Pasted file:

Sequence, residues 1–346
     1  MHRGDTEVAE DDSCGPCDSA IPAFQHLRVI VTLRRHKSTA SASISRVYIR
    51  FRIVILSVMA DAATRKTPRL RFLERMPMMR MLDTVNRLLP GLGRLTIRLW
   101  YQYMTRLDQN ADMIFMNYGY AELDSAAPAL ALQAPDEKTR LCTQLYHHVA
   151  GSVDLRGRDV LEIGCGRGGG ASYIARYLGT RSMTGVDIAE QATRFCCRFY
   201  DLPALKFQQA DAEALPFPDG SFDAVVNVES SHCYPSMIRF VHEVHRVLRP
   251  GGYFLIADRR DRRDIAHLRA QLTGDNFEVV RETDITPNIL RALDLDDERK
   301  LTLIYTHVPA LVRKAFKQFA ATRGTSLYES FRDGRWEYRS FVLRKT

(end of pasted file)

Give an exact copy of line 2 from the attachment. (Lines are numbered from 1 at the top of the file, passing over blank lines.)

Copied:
     1  MHRGDTEVAE DDSCGPCDSA IPAFQHLRVI VTLRRHKSTA SASISRVYIR